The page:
FROM Jim Gelvin
Has the Israeli-Palestinian Conflict Entered a New Phase? The nightmare scenario that Israel has feared since its establishment came true." "The barrier of fear has been broken." Those are Israeli commentators on what Defense Minister Ehud Barak describes as "the Palestinians' transition from suicide-bomber terrorism" to "mass demonstrations, deliberately unarmed." They're all quoted in a Washington Post article by Joel Greenberg in Jerusalem. With Middle Eastern regimes under challenge as never before, are the Palestinians adopting a new strategy in their struggle with Israel? How will President Obama respond to claims that the US is losing influence in the region?
Political Change and Continuing Conflict in the Middle East On Sunday, Israel's 63rd anniversary, massed Palestinians approached the country's borders from Syria, Lebanon, the Gaza Strip and the West Bank. Some were fired on by soldiers, but Israeli leaders concede that a shift from suicide bombs to unarmed masses creates challenges of a new and different kind. Another challenge will come in September, when the UN General Assembly might well declare a Palestinian state. This week, it's President Obama's turn, with a much-anticipated speech on the so-called "Arab Spring" and meetings with regional leaders, including today's meeting with King Abdullah of Jordan.
Israel, the Palestinians and anti-Americanism in the Muslim World Last week UN Secretary General Kofi Annan said the Israeli-Palestinian issue "carries a powerful symbolic and emotional charge... like no other conflict in the world." There was a sense of optimism, when President Mahmoud Abbas said the Palestinians would form a "unity government" to negotiate the end of the economic and political blockade imposed by Israel and the western powers. But with Hamas and Fatah bitterly divided over recognizing Israel's right to exist, there may be no "unity government" with which to negotiate. We update the Palestinians' internal struggles and look at the mood in Israel after the bombing of Lebanon. We also get some history of the Israeli-Palestinian issue and why it's the source of so much anti-Americanism around the world.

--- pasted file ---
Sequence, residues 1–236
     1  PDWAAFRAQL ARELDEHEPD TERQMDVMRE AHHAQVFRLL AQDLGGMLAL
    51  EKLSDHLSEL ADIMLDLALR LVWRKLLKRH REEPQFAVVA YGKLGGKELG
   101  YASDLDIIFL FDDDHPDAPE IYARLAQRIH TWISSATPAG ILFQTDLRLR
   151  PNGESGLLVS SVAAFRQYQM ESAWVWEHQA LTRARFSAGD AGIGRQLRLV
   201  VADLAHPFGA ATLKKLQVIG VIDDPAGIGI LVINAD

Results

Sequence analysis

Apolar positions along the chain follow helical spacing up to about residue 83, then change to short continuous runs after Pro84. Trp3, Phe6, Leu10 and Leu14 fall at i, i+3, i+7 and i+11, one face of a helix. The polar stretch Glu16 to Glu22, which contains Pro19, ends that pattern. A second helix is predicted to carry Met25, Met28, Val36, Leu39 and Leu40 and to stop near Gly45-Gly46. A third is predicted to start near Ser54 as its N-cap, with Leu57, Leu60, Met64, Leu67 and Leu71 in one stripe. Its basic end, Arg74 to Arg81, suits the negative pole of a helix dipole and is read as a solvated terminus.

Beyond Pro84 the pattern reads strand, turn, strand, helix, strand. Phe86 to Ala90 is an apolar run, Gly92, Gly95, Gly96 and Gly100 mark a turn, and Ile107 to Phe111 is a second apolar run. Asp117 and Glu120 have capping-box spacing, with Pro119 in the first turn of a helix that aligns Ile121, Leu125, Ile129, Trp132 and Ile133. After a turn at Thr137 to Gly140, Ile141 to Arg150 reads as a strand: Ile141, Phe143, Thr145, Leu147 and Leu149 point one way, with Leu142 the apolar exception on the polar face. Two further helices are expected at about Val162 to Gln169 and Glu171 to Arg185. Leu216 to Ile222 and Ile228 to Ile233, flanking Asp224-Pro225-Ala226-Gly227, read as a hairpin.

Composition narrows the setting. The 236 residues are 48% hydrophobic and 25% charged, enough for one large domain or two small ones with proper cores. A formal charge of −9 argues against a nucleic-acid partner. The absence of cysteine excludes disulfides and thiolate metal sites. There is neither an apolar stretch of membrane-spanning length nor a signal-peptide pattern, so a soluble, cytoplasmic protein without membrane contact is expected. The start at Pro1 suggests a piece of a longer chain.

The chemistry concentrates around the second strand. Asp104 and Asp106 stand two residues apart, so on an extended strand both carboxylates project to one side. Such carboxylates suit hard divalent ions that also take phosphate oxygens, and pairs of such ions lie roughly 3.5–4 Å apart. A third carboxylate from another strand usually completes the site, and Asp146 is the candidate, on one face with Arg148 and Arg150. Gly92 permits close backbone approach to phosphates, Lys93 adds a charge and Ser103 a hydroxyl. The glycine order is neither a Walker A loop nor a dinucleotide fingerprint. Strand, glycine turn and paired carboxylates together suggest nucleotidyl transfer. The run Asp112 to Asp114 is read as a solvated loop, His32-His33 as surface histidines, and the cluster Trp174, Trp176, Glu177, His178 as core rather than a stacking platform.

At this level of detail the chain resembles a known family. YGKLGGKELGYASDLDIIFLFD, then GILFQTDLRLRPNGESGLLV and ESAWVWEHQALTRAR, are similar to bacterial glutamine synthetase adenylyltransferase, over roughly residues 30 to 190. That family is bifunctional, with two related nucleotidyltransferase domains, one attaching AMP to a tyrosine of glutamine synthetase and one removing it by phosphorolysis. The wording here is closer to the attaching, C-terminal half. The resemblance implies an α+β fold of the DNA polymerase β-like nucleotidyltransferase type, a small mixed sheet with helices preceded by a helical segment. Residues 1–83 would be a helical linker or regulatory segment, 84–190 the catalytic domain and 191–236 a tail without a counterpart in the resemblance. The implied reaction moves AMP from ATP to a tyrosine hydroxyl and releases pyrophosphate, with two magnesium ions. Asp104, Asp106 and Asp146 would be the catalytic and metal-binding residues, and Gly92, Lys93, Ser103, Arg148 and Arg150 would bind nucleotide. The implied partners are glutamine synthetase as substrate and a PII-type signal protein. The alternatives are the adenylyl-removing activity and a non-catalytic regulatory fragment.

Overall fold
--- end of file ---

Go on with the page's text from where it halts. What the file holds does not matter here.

Janesville and the American Dream Janesville, Wisconsin is the hometown of Republican House Speaker Paul Ryan. But he couldn’t prevent the closing of the General Motors factory after 100 years. On this Memorial Day rebroadcast of To the Point, we hear what’s happened to what once was a model of American middle-class unity.
Venezuela spirals into economic and political chaos Venezuela, a country whose potential for prosperity is unmatched, finds itself on the verge of civil war. What sustains the repressive government? With time running out, guest host León Krauze looks at what the international community can do to pull the country from the edge of collapse.
Who's to blame for the opioid crisis? Some of the lawyers who took on Big Tobacco are now going after Big Pharma. It’s all about the deadly epidemic of opioid use. Are the drug companies to blame? What about the users? Later, on today’s Talking Point: making sense of Britain’s upset election.
Human Rights in the era of Donald Trump President Trump’s UN Ambassador, Nikki Haley, said today the US might pull out of the United Nations’ Human Rights Council. Serious violators of human rights are members of the Council itself–and a US resignation could make things worse. Later on today’s show, now that he’s into his second term, comedian turned US Senator Al Franken is telling jokes again.